Public Release: 

One in eight N.C. schoolchildren display three or more heart risks

University of North Carolina at Chapel Hill

CHAPEL HILL -- More than one in eight rural North Carolina schoolchildren tested had three or more risk factors for metabolic syndrome, a heart disease precursor, University of North Carolina at Chapel Hill researchers have found.

"The risk was about 1.6 times higher for girls than for boys," said Dr. Joanne S. Harrell, professor of nursing and director of the Center for Research on Chronic Illness at the UNC School of Nursing. "I want to alert people to the potential dangers and motivate them to help our youth increase physical activity and avoid obesity."

Harrell, the lead researcher, reported her group's findings Sunday (Nov. 9) at an American Heart Association scientific meeting in Orlando, Fla. Co-authors are Dr. Robert G. McMurray, professor of exercise and sport science in the College of Arts and Sciences; research assistant Leila Amorim and project manager Dana Creighton, both of nursing; and Dr. Shrikant I. Bangdiwala, research professor of biostatistics at the School of Public Health.

Metabolic syndrome consists of the heart disease risk factors high blood pressure, elevated triglycerides, lower-than-average high-density lipoprotein (HDL, or "good" cholesterol) levels, glucose intolerance, elevated insulin and excess weight. The syndrome boosts the risk of diabetes as well as heart disease.

"These were regular, normal kids, but we found risk factors that are clear danger signs for the future," Harrell said. "If nothing is done, many of these children could develop type 2 diabetes and heart disease."

Investigators examined 3,203 students -- 1,679 girls and 1,524 boys -- between ages 8 and 17. Each lived in a rural N.C. county with no city over 50,000 people. Of the children, 47.9 percent were white, 42.4 percent black and 9.7 percent other races.

Children were evaluated for body mass index, blood pressure, two types of fats in their blood and two indicators of how well they processed glucose. Results reported were based on initial testing of students who will be followed for three to four years.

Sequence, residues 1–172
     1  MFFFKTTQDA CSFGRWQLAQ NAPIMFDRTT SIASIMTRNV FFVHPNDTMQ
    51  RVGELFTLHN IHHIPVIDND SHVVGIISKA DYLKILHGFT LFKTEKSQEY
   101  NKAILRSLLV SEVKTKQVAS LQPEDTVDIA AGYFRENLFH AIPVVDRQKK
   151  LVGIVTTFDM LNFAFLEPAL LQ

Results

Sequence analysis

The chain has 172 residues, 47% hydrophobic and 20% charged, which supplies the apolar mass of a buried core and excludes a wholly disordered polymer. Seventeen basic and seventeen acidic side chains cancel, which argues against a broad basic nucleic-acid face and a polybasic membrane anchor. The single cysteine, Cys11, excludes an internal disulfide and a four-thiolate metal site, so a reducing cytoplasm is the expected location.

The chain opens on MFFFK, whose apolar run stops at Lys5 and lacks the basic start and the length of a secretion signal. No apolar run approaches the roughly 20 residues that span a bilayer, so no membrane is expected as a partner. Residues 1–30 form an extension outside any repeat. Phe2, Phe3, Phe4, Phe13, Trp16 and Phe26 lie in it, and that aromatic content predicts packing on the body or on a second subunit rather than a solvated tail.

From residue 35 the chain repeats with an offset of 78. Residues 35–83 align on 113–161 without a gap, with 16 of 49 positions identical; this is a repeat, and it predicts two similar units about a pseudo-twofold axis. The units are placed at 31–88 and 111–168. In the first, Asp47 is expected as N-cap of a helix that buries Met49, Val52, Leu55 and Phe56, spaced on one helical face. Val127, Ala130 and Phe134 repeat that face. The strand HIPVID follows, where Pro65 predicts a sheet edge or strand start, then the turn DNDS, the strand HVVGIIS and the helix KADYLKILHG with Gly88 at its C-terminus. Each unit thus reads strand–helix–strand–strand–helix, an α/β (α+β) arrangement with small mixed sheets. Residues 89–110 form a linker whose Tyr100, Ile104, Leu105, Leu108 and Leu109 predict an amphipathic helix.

More than half the participants -- 58.3 percent -- had at least one of the six risk factors, 27.4 percent had two or more and 13.5 percent had three or more, Harrell said.

Some children ages 8 and 9 -- 8.3 percent -- already showed three or more risk factors. Among teenagers 14-17, 11 percent had three or more. The highest rates of multiple risk factors -- 16.2 percent -- were in those entering or about to enter puberty.

The most common risk factor, found in 42.2 percent, was a low HDL level. HDL levels were rated low if they were less than 40 milligrams per deciliter in boys or 50 mg/dL in girls. Researchers also found high triglycerides in 8.6 percent of children.

Triglycerides were deemed high if they were at least 100 mg/dL in children aged 10 or younger or 130 mg/dL in those older than 10.

More than one in four subjects were overweight with a body mass index at or above the 95th percentile for their age, gender and height.

Previously, scientists documented a high level of obesity in teens. The UNC study is looking at the development of six metabolic syndrome risk factors beginning prior to puberty and continuing through the teen years.

"Some insulin resistance is normal with puberty," Harrell said. "In addition, obesity increases with puberty, earlier in girls than in boys. As we follow the children, we'll see whether these factors persist in adolescence."

Significantly more girls -- 16.3 percent -- than boys -- 10.7 percent -- had three or more risk factors, which the researchers attribute to more overweight among girls.

High insulin in the blood -- more than 25 microunits per liter -- was found in 16.1 percent of the children. High blood pressure was detected in 7.7 percent. Children were considered to have high blood pressure if their average systolic or diastolic pressure was at or above the 95th percentile for their gender, age and height on three separate occasions. The least prevalent -- 4.7 percent -- risk factor was glucose intolerance, or prediabetes, marked by a fasting glucose level of at least 110 mg/dL.

"The body tries very hard to keep glucose normal," Harrell said. "Typically, you would have the metabolic syndrome for several years before glucose tolerance becomes impaired."

Follow-up tests of the children may help physicians determine who needs to be screened for various risk factors and at what age, she said. The data reinforce the need for primary prevention of heart disease in youth.

"Greater physical activity can help improve most metabolic syndrome factors, including HDL levels, obesity, high blood pressure and insulin resistance," Harrell said. "Preventing obesity also helps avoid other risk factors."

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Note: Harrell can be reached at: (919) 218-3909 (cell), 966-4284 (work, after the meeting ends on Nov. 12) or joanne_harrell@unc.edu

School of Nursing Contact: Sunny Nelson, (919) 966-1412
News Services Contact: David Williamson, (919) 962-8596
AHA Contacts: Carole Bullock or Julie Del Barto, (407) 685-5402

By DAVID WILLIAMSON
UNC News Services

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